Medical School Requirements – An Overview

Medical School Requirements – An Overview

The medical school requirements, or “prereqs” as they’re often called, are similar across schools.

The point of these classes is to help you be prepared for the rigors of medical school.

This will give you an overview of what most schools require.

However, when you do apply for medical school, you’ll want to double check with the schools that you’re interested in to make sure you’ve met all of their requirements.

A few schools have medical school requirements outside of the ones listed here.

Science Medical School Requirements

medical school requirements

Since medicine is mainly based in the sciences, the majority of the medical school requirements are science-based.

Here is a summary:

  • 1 year of chemistry with lab
  • 1 year of organic chemistry with lab
  • 1 year of biology with lab
  • 1 year of physics with lab

It’s important to note that for chemistry, physics and really any of the classes, you can take the lower level courses and still meet the requirements.

For example, some chemistry and physics courses use calculus, while others do not.

You don’t have to enroll in the calculus-based courses to meet the medical school requirements.

Non-Science Medical School Requirements

While science is the basis for medicine, there is also an “art” to medicine.

Most schools will want you to take these courses before you apply to medical school:

  • 1 year of English, including a writing course
  • Calculus, statistics or sometimes both

You will probably have to take a year of English courses anyway to get your bachelor’s degree.

A good writing course will serve you well in your career and throughout your life.

You might be surprised how often people ask you to write letters for work, school and even for court!

Statistics is also an important course as you’ll be reviewing scientific journals for the rest of your career. You might be surprised how “statistically significant” isn’t always as important as you thought!

You’ll also learn how statistics can be used to draw a conclusion that isn’t necessarily supported by the data.

These are very important skills, so take your statistics class seriously!

Mike’s Picks

These are courses that are not generally medical school requirements, but will give you a leg up when you get into medical school.


This is generally not a medical school requirement, but will definitely give you an advantage going into medical school. You will spend much of your first year and a good part of your second in the anatomy lab. The more familiar you are with the material, the easier this will be. You’ll also be loved by your anatomy lab partners!


This is the study of human tissues under the microscope. Again, you will spend a significant amount of time your first and second years learning about histology. The more you know from the start, the better.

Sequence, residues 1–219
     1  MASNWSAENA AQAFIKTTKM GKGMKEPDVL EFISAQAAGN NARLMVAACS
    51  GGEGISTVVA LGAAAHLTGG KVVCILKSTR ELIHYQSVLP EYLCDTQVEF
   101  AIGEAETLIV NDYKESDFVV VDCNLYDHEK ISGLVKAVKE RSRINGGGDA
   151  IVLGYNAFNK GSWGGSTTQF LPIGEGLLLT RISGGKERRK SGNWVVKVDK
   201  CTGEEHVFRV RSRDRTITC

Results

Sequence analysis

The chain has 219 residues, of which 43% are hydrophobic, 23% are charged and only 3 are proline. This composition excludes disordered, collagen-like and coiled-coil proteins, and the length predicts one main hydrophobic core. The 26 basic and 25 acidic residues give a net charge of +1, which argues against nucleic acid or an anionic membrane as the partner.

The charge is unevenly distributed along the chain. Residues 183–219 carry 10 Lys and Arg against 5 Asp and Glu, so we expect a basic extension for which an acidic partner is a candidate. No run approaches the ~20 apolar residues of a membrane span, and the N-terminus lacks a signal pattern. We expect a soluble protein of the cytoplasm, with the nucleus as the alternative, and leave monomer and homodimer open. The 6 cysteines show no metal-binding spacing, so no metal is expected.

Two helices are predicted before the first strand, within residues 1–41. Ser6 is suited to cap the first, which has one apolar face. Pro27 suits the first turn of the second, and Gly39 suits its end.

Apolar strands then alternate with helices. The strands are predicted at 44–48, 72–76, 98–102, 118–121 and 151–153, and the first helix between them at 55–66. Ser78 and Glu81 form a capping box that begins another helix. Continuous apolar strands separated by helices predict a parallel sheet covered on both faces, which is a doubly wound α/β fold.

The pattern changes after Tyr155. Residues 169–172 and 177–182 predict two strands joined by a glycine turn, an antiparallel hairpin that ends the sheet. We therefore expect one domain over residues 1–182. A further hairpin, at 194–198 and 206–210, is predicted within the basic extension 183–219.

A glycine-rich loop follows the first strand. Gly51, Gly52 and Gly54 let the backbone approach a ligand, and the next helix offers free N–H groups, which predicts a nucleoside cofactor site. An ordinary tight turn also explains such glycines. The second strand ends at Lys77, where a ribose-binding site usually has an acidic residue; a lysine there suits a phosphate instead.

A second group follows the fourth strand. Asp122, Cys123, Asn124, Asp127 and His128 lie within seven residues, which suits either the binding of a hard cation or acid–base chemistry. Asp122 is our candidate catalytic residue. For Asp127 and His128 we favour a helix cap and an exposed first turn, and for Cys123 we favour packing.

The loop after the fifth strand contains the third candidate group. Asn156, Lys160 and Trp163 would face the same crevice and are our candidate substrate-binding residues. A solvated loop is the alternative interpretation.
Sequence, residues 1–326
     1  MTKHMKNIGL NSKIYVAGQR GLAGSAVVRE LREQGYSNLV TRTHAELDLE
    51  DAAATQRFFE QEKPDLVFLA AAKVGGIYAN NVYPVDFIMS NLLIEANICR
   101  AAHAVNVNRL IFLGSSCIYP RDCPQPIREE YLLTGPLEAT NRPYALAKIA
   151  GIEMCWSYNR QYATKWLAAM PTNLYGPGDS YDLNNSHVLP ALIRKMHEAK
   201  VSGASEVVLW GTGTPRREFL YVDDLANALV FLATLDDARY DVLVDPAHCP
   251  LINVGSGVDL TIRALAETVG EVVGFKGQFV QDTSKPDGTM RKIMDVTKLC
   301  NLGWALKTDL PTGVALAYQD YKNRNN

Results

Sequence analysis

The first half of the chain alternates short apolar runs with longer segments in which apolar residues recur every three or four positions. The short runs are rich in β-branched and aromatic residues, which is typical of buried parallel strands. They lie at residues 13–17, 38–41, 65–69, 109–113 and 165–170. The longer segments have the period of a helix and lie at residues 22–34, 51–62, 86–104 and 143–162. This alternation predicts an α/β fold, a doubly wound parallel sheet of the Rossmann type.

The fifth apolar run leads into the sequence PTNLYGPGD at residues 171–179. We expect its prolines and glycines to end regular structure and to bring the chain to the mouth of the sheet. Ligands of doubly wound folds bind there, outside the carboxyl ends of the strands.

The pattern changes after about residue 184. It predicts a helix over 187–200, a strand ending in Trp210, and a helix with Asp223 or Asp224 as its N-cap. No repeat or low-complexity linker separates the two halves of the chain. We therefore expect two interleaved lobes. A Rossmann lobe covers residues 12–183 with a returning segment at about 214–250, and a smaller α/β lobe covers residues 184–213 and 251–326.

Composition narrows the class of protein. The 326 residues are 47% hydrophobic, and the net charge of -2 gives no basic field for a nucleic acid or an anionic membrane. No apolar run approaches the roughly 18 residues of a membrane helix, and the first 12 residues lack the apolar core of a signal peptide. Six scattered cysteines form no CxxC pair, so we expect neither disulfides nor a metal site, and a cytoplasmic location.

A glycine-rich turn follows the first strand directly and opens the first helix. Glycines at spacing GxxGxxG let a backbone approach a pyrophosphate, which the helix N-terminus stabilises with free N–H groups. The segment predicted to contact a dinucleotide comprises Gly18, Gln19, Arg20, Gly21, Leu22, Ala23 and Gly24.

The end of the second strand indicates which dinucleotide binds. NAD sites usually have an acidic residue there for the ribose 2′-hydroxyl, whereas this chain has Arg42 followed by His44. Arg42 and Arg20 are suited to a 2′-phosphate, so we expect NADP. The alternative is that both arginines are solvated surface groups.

In histology, you’ll learn what bone, cartilage, skin, muscle and other tissues look like up close and personal. You’ll also probably see some of the diseases that affect tissues under the microscope. Histology will give you a visual memory of what you’ll learn in your physiology and pathophysiology classes in medical school.


Most of your medical education hinges on your understanding of how the body works and what can go wrong with it. These classes will give you a good introduction to these subjects and will put you a step ahead in medical school.

Physiology is the study of how the human body works. You’ll learn a lot about metabolic pathways and the specialized functions of different organs in the body. It was one of my favorite classes in college and is sometimes a medical school requirement.

Pathophysiology is the study of disease and disease processes. You’ll learn about genetic changes that can mess up those metabolic pathways, how cell growth can turn into cancer and many other interesting things in this class.


Many places in America have a large Spanish-speaking population. Learning Spanish will help you as a medical student on the wards and may very well help you get into medical school.


If you can get a basic pharmacology class in, it would be helpful. But you’ll cover this quite a bit in medical school.

So, those are the medical school requirements and my picks to really put you ahead of the class when you get to medical school.

My biggest tip about these classes is to really try to learn the material. It can be easy to slip into the habit of cramming for a test so you know it for the test, but then forget it later. While this will get you the grades, it will hurt you later. If you really learn the material in your science classes, the MCAT will be much easier. If you learn the material from my picks, medical school will be much easier.

Remember: These are general medical school requirements that most schools have. For specifics, check the MSAR and double check with the school. You don’t want to end up not accepted just because you missed an uncommon prerequisite. Do your homework first to make sure you have what the school wants.

For tips on getting into medical school, check out my eBook!

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